What to see in Tagliacozzo, an itinerary including the historic center with its fifteenth-century walls and the Ducal Palace, as well as various churches and convents, including the ancient Benedictine monastery of Saints Cosima and Damiano.
Located on the northern slopes of the Simbruini mountains, Tagliacozzo is part of the Marsica mountain community.
The fifteenth-century walls that surround the historic center, in ancient times had five gates, among the works placed to defend the city there was also a castle, of which today only a few remains remain.
At the center of Piazza Obelisco, which is considered one of the most beautiful in Abruzzo, there was a small pile of stone on which the debtors were seated to shame them in public.
Various noble palaces in good condition surround the square, with the exception of some that are in a state of neglect.
The 14th century Ducal Palace deserves to be visited, with its decorated windows and various paintings, among which the frescoes of the Chapel stand out.
There is also a fountain from the 1200s, renovated several times and which has become a national monument.
The Church, with the adjoining Convent of San Francesco, has a beautiful facade where the ancient portal and the Gothic rose window which bears Orsinian friezes stand out for their beauty.
In the immediate surroundings of Tagliacozzo there is the Sanctuary of Maria Santissima dell'Oriente, dating back to the thirteenth century, but renovated several times in subsequent periods.
Various valuable decorations are kept inside this pilgrimage site, in particular those of the apse, the nave and the dome.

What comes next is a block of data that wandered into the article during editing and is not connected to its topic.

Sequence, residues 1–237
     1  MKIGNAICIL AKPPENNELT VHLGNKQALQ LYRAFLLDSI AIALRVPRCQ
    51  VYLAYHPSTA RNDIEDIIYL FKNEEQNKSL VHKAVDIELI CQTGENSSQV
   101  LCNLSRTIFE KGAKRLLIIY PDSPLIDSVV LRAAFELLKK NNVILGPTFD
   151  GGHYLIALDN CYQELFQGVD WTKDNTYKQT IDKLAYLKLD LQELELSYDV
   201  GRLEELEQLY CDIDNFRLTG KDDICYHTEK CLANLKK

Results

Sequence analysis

The monastery of Saints Cosma and Damiano, whose origins date back to the eighth century, is the oldest and most important place of worship in Tagliacozzo, it is an architectural complex built in Romanesque style.Recommended readings
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Once the monastery, which belonged to the religious congregation of the Benedictines of Montecassino, was long disputed between the papacy and the Bishop of Marsi.
Blessed Oddo da Novara, who was born in 1100, was hosted here in the last period of his life.
Oddo, after having been consecrated to the religious profession in the nearby Charterhouse of Casotto, was sent to Seitz in Yugoslavia, where he wrote some sermons.
Later he was prior to the new foundation of the order in Gyrio, then around 1190, due to differences between the monks, he went to Rome to ask for justice from Pope Clement III.
The last eight years of life were spent by Oddo in a very small cell of the monastery of Tagliacozzo, where he died and was buried.
Since then the monastery was a destination for pilgrimages.
As for the local gastronomy, an example of a typical dish are gnocchi with chickpeas.